For the role of Aurora, Kassovitz cast French actress Melanie Thierry, whom he had met when she was appearing in a play called "le vieux juif blonde." "Melanie was radiant," says Kassovitz. "And I said to myself: Here we are - she's Aurora! I needed a woman who could represent purity. We could think that Melanie [like Aurora] was something more than human - she has a perfect face and wonderful eyes. She seems like she's from another world."
There is indeed something special about Aurora - and it's not just the fact that she speaks 19 languages and knows how to operate a 30-year-old Russian submarine. Her father, Dr. Darquandier, a scientist long thought dead, has made sure that Aurora is the perfect combination of the best of human and machine...and a possible savior of mankind. Lambert Wilson, who played the Merovingian in "The Matrix Reloaded" and "The Matrix Revolutions," portrays Darquandier.
Also starring in BABYLON A.D. is noted British actor Mark Strong ("Body of Lies"), who portrays the smuggler Finn, whom Toorop encounters in a Russian refugee camp. Finn helps Toorop, Aurora and Rebeka get passes to board a submarine bound for Alaska - a critical leg in their epic journey to the U.S. Famed English actress Charlotte Rampling takes on a key role as a Noelite High Priestess, who peddles miracles - like Aurora - for profit.
Kassovitz's mandate to create big action set pieces was taken to heart by the actors and stunt teams. Headed by world renowned stunt coordinator/2nd unit director Rob Brown ("Mr. & Mrs. Smith," "The Day After Tomorrow"), a former world champion professional high diver, BABYLON A.D. features the talents of some of the best international action teams in the industry.
The "Belle Parkour Stunt Team" was headed by David Belle, inventor of the discipline known as Parkour, which consists of moving quickly and efficiently in any environment, using only the abilities of the human body. Parkour has been seen in recent high-profile action films like "Casino Royale" and "Live Free or Die Hard," and Belle's team in BABYLON A.D. takes the form to a new level.
Noted French action man Alain Figlarz ("The Bourne Identity") headed another major stunt team. Figlarz worked closely with Diesel on the fight scenes. "Toorop is a skilled fighter whose training comes from years of war. That is why we hired the incredible fight coordinator Alain Figlarz, who has extensive military training himself," says the actor. "The challenge for Alain and me was to come up with a style that would be unique to this character, would represent a military fight style, but also the street. In defining his fight style, we wanted to create a look that is consistent with a guy who also uses guns and weaponry easily, but who is adept at hand to hand. In essence his fight style had to feel effective, but not overly choreographed."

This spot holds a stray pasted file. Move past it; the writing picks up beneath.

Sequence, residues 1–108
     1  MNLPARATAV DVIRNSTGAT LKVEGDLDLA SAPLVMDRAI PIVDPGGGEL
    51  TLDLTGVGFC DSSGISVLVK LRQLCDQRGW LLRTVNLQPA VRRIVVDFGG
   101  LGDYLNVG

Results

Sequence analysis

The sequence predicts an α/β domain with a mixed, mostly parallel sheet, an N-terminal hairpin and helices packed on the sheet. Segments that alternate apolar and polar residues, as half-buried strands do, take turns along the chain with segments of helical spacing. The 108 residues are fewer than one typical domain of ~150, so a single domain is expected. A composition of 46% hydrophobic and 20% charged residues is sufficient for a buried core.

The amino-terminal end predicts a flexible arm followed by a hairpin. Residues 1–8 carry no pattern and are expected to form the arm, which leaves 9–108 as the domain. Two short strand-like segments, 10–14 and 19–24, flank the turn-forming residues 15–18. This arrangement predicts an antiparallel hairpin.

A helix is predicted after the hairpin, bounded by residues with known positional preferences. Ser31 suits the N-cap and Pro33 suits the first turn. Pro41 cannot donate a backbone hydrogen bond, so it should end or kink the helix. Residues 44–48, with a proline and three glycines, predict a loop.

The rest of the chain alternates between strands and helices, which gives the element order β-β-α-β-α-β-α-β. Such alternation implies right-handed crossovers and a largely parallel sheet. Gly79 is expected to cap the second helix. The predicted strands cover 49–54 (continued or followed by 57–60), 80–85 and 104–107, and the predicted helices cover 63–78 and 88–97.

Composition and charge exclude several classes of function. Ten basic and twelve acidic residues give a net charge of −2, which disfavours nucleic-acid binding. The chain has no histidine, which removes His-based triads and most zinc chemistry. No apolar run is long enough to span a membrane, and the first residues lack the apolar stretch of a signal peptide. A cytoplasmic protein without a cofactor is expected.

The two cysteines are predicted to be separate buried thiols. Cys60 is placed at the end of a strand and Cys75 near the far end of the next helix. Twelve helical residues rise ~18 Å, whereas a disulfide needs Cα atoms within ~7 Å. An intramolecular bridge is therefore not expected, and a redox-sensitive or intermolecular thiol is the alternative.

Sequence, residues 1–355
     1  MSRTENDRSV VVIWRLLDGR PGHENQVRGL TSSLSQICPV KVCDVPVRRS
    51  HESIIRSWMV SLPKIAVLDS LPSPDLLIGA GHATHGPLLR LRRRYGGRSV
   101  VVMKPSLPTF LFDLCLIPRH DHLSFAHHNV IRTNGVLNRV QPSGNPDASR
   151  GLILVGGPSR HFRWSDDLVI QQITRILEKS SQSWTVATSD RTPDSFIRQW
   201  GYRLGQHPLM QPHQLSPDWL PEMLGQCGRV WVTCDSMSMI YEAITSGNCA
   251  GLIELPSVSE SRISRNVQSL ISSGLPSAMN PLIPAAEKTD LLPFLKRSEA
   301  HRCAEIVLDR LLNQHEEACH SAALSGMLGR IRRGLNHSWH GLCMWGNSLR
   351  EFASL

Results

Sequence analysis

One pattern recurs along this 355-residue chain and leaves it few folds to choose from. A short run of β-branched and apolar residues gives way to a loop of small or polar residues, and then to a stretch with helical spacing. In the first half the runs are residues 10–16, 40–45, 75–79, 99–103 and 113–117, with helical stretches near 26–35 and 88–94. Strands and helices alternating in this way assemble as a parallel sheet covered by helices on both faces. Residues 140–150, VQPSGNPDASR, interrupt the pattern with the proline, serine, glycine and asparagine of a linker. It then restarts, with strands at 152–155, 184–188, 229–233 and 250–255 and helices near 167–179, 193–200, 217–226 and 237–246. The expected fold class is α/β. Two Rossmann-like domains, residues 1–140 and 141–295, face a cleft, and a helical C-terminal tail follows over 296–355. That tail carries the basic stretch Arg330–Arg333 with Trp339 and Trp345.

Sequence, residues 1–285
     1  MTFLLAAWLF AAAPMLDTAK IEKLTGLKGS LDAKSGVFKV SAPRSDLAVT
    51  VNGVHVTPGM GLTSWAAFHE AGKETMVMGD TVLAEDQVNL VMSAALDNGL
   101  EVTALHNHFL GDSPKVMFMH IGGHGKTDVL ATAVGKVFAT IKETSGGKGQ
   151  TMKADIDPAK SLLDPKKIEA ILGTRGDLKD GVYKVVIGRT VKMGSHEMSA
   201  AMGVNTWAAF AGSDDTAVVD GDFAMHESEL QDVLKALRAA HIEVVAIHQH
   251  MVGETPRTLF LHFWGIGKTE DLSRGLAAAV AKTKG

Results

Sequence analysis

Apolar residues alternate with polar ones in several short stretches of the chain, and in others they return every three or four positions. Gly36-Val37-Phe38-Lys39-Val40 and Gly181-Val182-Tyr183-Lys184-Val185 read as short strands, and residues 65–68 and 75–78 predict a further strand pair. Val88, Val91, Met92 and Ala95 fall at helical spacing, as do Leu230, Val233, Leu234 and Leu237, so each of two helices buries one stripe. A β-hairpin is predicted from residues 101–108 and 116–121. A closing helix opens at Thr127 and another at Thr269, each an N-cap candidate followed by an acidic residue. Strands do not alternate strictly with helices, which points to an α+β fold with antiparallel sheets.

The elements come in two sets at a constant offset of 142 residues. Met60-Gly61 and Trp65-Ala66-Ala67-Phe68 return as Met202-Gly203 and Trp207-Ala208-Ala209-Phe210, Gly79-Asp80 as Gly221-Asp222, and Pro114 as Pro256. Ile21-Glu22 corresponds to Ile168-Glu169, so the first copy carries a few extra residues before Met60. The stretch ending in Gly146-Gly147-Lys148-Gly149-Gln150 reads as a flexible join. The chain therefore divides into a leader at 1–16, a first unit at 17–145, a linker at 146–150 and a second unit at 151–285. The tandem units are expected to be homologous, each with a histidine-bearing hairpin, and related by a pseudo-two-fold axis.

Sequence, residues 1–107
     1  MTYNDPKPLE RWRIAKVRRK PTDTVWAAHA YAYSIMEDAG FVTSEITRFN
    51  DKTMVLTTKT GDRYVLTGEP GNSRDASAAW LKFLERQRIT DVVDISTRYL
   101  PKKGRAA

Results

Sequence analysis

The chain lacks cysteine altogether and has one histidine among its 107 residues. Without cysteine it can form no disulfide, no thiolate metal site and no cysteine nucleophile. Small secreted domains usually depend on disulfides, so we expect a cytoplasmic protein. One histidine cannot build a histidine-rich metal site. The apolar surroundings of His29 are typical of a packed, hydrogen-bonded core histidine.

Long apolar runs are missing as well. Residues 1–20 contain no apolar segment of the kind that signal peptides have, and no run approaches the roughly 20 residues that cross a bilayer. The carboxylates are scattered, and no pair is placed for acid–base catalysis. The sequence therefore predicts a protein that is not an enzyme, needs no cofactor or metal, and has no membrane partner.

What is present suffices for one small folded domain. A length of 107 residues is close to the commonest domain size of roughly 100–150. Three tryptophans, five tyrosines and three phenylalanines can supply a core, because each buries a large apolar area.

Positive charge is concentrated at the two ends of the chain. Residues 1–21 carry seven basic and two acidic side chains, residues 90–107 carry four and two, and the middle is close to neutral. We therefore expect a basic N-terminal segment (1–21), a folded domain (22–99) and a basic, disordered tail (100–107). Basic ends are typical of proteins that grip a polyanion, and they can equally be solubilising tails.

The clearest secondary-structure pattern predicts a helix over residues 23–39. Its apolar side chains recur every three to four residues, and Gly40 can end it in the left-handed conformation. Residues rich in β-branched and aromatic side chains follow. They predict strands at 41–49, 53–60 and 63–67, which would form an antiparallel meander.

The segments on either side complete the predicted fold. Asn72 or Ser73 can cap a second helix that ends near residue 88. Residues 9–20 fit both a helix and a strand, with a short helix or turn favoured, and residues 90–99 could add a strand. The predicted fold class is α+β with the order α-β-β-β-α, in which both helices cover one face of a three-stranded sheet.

Diesel also makes special note of the contributions of world renowned K1 fighter Jerome Le Banner. "Jerome was incredibly generous in bringing his fight expertise to a scene that was difficult to shoot, because we were filming in a freezing cold glass box for long periods of time, it was very strenuous work. He is one of those rare talents who have both the fight background and also the acting capabilities that are impossible to ignore. Jerome brings an authenticity to the screen that really helps to elevate the story we were trying to tell."
Michelle Yeoh, who through her storied career as a martial arts icon has worked with many top action and stunt people, marveled at the work done by the BABYLON A.D. teams. "The stunts are like a candy store of action art forms," she says. "Each stunt team leader has his own style and commitment, and as someone who's always appreciated the various martial art forms, I had a great time working with them."
Yeoh gives special mention to David Belle's perpetually-in-motion Parkour team. "They're like bouncy balls, and you can't grab a hold of them," she enthuses. "To work with this new form of movement was very challenging."
One of the film's biggest action set pieces is a snowmobile chase set in the frozen wastelands of North America. Vin Diesel, remembering a video he had seen that depicted the high-flying, gravity-defying work of the snowmobile stunt team Slednecks, was instrumental in bringing aboard X-Games gold medalist Chris Burandt and record-breaking snowmobile jumper Paul Thacker, both of Slednecks, for the massive sequence. On their custom snowmobiles, Burandt, Thacker and the rest of the team did back flips, cliff drops and even ran through fire bomb explosions for the sequence.
For a story set on so many far-reaching locations, it will surprise many that most of BABYLON A.D. was filmed at Prague's recently-constructed Barrandov Studio, the largest soundstage in Europe. (The snowmobile chase was shot in Sweden.) For the shoot's duration, Barrandov was transformed into a Eastern European war zone, a Russian refugee camp, a submarine and ice floe (with hundreds of extras), and even into New York City. In Kassovitz's vision, the Big Apple has become a dystopian megalopolis of 23 million souls -- where logos and labels brand every conceivable surface - even the ceilings flash commercial messages 24/7 - and surveillance cameras are omnipresent.
For the most part, Kassovitz utilized practical effects, instead of CGI. "I'm only 40 years old, but I'm 'old school,'" he says. "I'm all about the big blockbusters from the '70s and '80s. There's not a lot of soul in CGI. I didn't want to make a CGI movie; I wanted to make a movie where you can smell blood and dirt and sweat."
Vin Diesel also notes that this sense of reality sets the film apart from other science fiction epics. "BABYLON A.D. is set in the very near future, on earth," says the actor. "This sort of setting allows you to think freely about what life could be like in a different time while also giving you a sense of reality, which I believe gives you a bit more creative freedom. In essence, by setting it in the near future, you have an easier time getting your audience to suspend belief for a minute, while you introduce them to a world where the limits have been pushed to the maximum.